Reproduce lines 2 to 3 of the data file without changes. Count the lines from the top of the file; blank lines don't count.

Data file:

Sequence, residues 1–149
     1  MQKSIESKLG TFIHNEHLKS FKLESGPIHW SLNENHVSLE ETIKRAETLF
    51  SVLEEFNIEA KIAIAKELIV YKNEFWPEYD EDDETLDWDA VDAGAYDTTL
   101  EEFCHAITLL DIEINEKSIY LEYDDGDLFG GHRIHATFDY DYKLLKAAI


     1  MQKSIESKLG TFIHNEHLKS FKLESGPIHW SLNENHVSLE ETIKRAETLF
    51  SVLEEFNIEA KIAIAKELIV YKNEFWPEYD EDDETLDWDA VDAGAYDTTL